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Decided to upgrade my tonearm rather than get a new TT package.
Posted by lochrider on May 9, 2012 at 07:21:08:
A while back I posted the query: "Hot rodded GyroDec vs. VPI Classic 3; Or Encounter mk iii vs SME IV.vi?" (See link below.)
Since then I listened to the VPI Classic and decided to go the route of upgrading my tonearm to an SME V.
My decisions were based in part on what I read online here and elsewhere. Predominately, I elected to stick with the GyroDec because I had already invested in some Orbe upgrades (screw down spindle, Never-connected power/speed control, arm board isolation tweak, modest damping of the underside of spider ring). I really enjoy the sense of PRAT I experience with it over the Classic 3's more damped (some say more "solid" or "dead" expression). To my ears, the GyroDec seems more life-like using either an OL-mod'd Rega-250 or Encounter mk iii tonearm and Dynavector cartridges.
I chose the "V" series over the "VI.iv" because the former had the standard ability to raise the arm in the event I wanted to adjust VTA (as I had become addicted to the process with the Encounter tonearm) and provided a damping tray should I ever experiment with severly warped LPs. Also, I wanted the opportunity to use the supplied tonearm cable from VdH.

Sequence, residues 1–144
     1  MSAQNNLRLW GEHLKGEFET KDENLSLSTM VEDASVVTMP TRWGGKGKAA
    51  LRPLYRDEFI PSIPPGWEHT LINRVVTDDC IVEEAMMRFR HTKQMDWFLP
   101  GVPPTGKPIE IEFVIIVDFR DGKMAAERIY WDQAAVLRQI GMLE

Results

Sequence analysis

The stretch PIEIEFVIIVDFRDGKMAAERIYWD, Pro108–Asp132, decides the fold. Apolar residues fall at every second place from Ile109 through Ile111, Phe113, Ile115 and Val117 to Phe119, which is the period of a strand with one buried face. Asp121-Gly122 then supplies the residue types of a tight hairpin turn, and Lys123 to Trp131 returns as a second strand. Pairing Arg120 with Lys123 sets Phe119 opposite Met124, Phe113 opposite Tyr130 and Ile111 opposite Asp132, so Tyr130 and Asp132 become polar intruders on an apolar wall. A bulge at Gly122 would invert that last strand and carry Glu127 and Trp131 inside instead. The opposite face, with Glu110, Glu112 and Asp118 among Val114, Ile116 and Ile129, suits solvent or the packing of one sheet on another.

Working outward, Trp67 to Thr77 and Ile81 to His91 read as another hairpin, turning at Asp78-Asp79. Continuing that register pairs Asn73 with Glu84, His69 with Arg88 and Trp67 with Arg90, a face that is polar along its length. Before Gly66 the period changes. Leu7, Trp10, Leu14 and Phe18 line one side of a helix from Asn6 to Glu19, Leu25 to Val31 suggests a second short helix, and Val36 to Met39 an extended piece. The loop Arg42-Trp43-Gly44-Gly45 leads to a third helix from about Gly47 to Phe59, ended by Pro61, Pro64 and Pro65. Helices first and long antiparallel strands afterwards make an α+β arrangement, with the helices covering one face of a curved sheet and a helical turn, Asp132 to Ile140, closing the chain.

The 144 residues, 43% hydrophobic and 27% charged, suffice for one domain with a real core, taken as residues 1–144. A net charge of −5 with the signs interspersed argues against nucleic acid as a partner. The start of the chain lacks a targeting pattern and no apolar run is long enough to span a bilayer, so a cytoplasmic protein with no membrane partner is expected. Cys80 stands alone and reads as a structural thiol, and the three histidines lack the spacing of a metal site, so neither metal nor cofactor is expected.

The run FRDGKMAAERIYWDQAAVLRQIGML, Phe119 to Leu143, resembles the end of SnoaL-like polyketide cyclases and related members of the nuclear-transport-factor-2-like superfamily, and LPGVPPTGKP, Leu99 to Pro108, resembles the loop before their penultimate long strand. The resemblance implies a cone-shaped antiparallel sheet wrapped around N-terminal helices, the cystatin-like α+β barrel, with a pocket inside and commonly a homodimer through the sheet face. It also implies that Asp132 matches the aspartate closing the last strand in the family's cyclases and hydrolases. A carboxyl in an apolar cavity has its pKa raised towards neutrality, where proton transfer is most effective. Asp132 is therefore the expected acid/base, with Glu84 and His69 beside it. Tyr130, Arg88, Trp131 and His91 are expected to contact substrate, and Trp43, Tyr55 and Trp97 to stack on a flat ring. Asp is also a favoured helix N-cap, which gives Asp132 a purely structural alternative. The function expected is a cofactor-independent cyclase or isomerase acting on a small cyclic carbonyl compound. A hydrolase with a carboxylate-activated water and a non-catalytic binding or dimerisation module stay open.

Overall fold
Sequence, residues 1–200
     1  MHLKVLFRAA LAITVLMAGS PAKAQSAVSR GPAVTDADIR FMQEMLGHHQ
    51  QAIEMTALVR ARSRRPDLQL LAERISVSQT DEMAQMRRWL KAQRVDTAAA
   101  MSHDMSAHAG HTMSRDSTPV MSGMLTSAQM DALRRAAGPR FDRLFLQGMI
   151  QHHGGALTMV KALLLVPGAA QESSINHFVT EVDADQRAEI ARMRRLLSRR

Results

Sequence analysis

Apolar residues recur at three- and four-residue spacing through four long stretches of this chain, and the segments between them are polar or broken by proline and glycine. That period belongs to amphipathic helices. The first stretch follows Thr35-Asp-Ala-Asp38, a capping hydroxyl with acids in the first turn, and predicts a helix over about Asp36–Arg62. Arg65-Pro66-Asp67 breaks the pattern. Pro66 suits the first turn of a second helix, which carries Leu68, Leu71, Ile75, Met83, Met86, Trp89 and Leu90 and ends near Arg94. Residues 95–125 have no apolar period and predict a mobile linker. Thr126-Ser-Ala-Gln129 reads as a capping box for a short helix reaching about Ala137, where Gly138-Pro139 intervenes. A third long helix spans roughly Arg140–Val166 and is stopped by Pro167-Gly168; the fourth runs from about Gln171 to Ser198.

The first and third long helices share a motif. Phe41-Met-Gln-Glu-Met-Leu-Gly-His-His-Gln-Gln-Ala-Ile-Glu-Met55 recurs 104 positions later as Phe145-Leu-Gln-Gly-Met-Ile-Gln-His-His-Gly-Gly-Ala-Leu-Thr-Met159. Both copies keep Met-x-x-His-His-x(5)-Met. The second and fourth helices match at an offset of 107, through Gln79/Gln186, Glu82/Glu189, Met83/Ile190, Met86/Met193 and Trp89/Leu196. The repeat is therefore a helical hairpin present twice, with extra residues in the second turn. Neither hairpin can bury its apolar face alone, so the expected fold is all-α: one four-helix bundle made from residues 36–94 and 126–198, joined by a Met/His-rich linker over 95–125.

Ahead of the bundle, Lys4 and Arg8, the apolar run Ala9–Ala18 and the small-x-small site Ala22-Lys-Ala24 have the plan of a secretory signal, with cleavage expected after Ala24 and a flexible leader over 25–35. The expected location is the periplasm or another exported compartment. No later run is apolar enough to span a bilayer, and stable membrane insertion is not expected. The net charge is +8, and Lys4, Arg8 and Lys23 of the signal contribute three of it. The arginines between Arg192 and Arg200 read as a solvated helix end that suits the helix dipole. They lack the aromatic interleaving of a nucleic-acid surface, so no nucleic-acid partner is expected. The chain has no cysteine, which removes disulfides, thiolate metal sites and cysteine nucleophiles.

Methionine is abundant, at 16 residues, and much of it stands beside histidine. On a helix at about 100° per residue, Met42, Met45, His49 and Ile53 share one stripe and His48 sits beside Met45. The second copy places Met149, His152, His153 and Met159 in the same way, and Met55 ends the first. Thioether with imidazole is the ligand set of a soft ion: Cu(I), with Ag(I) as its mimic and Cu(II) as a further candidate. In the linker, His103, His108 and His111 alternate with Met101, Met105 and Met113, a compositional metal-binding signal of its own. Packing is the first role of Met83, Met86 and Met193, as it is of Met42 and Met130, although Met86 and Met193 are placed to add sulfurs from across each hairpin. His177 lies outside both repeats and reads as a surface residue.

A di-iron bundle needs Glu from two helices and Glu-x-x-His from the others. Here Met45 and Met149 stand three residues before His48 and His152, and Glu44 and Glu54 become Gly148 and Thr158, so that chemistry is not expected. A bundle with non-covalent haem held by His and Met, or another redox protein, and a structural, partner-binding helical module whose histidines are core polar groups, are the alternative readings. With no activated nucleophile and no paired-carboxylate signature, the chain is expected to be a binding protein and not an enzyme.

Prior to set up, I asked my vendor to burn in the tonearm cabling.
Set up was a breeze and I followed some suggestions from my vendor and on posts here and elsewhere regarding anti-skate setting. I used both the provided SME protractor and an Avid mirrored protractor, then evaluated the results.
The new tonearm is a major improvement on many fronts.
First, the SME revealed that the Encounter added a ringing at certain high frequencies which was pleasant but NOT in the grooves (e.g., on the pedal steel guitar on side 3 of Lucinda Williams' "World Without Tears;" on the choral during the 4th movement of Beethoven's Ninth, Decca, Solti, CSO).
Second, there is much more in the grooves than I thought (all the elements came out of hiding and stood proud in the first cut of "Short Sharp Shocked," Michelle Shocked, Polygram). Mid- and high frequency ranges were appropriately balanced in comparison to live music when the recording presented acoustic performance in real space. In sum, well recorded LPs became amazing and I found myself toe-tapping so much my joints in my big toes have begun to hurt.
Third, low frequencies were reproduced with more of everything: more depth, more texture, more leading edge, and gave everything from reggae to symphonic LPs a more life-like presence.
Finally, the precision of the SME is as advertised. That may account for all of the above.
I was hesitant to pull the trigger on the SME V upgrade for obvious reasons: cost. I had no idea how or if I would appreciate any improvement over the servicable OL Encounter mk iii. With my TT and cartridge the new tonearm seems a perfect fit. Frankly, I'm still giddy after more than two months of listening.
So, thanks are extended to those on this forum who suggested the tonearm upgrade.